The outlook, coming as the company forecast leaner results for the first quarter, comes amid a broader view that car sales in the world’s two largest markets have peaked after a string of record profits and sales for the U.S. auto industry. Ford estimates volumes will fall in the U.S. and China in 2017 and again in 2018…

Ford expects full-year adjusted operating profits of $9 billion this year, a 14% decline over 2016, due to higher costs and continued investment in autonomous cars and other advanced technologies. The company also guided to first-quarter earnings per share of between 30 cents and 35 cents, lower than the same-period a year earlier and far below analysts’ expectations of 47 cents.

Ford shares fell about 1% today. They’re now down more than 7% in the past five trading days.

Again, this should sound familiar to regular Digest readers…

Porter laid out the bearish case for Ford in particular months ago. As he explained in the November 19 edition of our Digest Masters Series…

Now, I like Ford automobiles. I drive a Ford truck. I don’t have any problems with its products. But Ford didn’t declare bankruptcy back in 2009… like GM and Chrysler did. That puts it at a grave competitive disadvantage. It’s still holding on to $130 billion worth of debt.

What you may not know is that, for all the auto sales over the last five or six years, the growth in the auto industry was powered completely by subprime leases and subprime loans. Those loans are now going bad at an alarming rate… Something like 20% of all of the subprime auto loans securitized over the last three years have defaulted.

The entire business model of selling cars to deadbeat borrowers is done. It won’t come back for another five years or so. As a result, we saw Ford’s sales decline by 8% – which was pretty shocking – year over year.

We think that’s going to continue. We think, eventually, that’s going to put pressure on Ford’s debts. Because within five years, Ford has to come up with half of $130 billion. We know it can’t do that. So whether or not Ford goes bankrupt, in our minds, is completely dependent upon the grace of its creditors.

If we end up in a default cycle, Ford is going to have a really hard time refinancing that debt. And that, of course, could see the share price go from around $12 (where it is now) to well below $5, or maybe even to zero.

Meanwhile, the outlook for shopping malls continues to darken…

We last reviewed the bearish case for mall operators in the March 13 Digest, when we noted Wall Street had found its next “Big Short.”

Since then, the news has only gotten worse, as a number of mall retailers have announced significant store closings or worse… leading some in the financial media to declare that the “retail apocalypse” has begun…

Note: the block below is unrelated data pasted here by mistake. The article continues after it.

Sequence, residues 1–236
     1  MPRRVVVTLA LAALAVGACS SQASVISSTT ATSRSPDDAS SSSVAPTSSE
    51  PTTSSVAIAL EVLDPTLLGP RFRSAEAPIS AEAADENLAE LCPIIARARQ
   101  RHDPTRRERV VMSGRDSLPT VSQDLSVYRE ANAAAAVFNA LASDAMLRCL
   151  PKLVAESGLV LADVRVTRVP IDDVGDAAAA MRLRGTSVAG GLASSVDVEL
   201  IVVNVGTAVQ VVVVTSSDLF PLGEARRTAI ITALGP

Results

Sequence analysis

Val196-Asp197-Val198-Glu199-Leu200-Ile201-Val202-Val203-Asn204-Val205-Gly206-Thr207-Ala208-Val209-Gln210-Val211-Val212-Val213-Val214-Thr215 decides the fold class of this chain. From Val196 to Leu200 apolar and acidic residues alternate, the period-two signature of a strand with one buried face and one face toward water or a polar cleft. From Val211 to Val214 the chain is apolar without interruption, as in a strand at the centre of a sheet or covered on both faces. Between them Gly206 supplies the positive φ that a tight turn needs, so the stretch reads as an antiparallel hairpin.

Last week, common “anchor” retailer JC Penney (JCP) announced it will close 138 additional stores by June, or 14% of its existing locations.

On Tuesday, Sears Holdings (SHLD) – the parent of fellow anchor store Sears – said it would close another 150 stores, and it admitted for the first time that it may not survive. Shares plunged as much as 16% on the news. As Bloomberg reported…

Sears suffered its worst stock decline in more than two years after acknowledging “substantial doubt” about its future, raising fresh concerns about the survival of a company that was once the world’s largest retailer.

Sears added so-called going-concern language to its latest annual report filing, suggesting that weak earnings have cast a pall on its ability to keep operating. The 131-year-old department-store chain, which has lost more than $10 billion in recent years, was cited last year by Fitch Ratings as a company carrying a high risk of defaulting…

“Our historical operating results indicate substantial doubt exists related to the company’s ability to continue as a going concern,” the Hoffman Estates, Illinois-based chain said.

Also this week, women’s-apparel chain Bebe Stores (BEBE) announced it is planning to shut all 170 of its remaining mall-based stores and relaunch as an online-only brand. And discount-shoe chain Payless announced it is planning to close 400-500 stores and could file for bankruptcy as soon as next week.

These closings join those previously announced in recent months by Macy’s (M), The Limited, Wet Seal, BCBG, Guess (GES), and others. In total, more than 3,500 mall-based retail stores are expected to close by mid-year, according to Bloomberg.

As you might expect, shares of GGP (GGP) continued to fall this week, too…

The Stansberry’s Investment Advisory short recommendation – previously known as General Growth Properties – is heavily dependent on many of these same struggling retailers. As Porter and his team explained in the September issue of Stansberry’s Investment Advisory

Of GGP’s 115 malls, 90% have a Macy’s, J.C. Penney, or Sears as an anchor store. Even worse, 41% of GGP’s malls have all three of these struggling department stores as anchors

So… department stores are dying, and GGP has the most exposure to these big-box relics. GGP’s underlying business is also weak: It’s not growing revenues. Furthermore, GGP has higher leverage than its closest peers and several problematic properties.

Of the mall owners still sporting expensive valuations, GGP has the wrong tenants, in the wrong types of malls, while sitting in the weakest financial position. It’s the best short candidate in the bunch.

GGP closed at a new two-and-a half year low of just $22.66 on Wednesday… Stansberry’s Investment Advisory subscribers are up 20% as of yesterday’s close.

Regards,

Justin Brill

Crux note: Yesterday, Dr. Steve Sjuggerud recommended shorting oil. Read his analysis right here.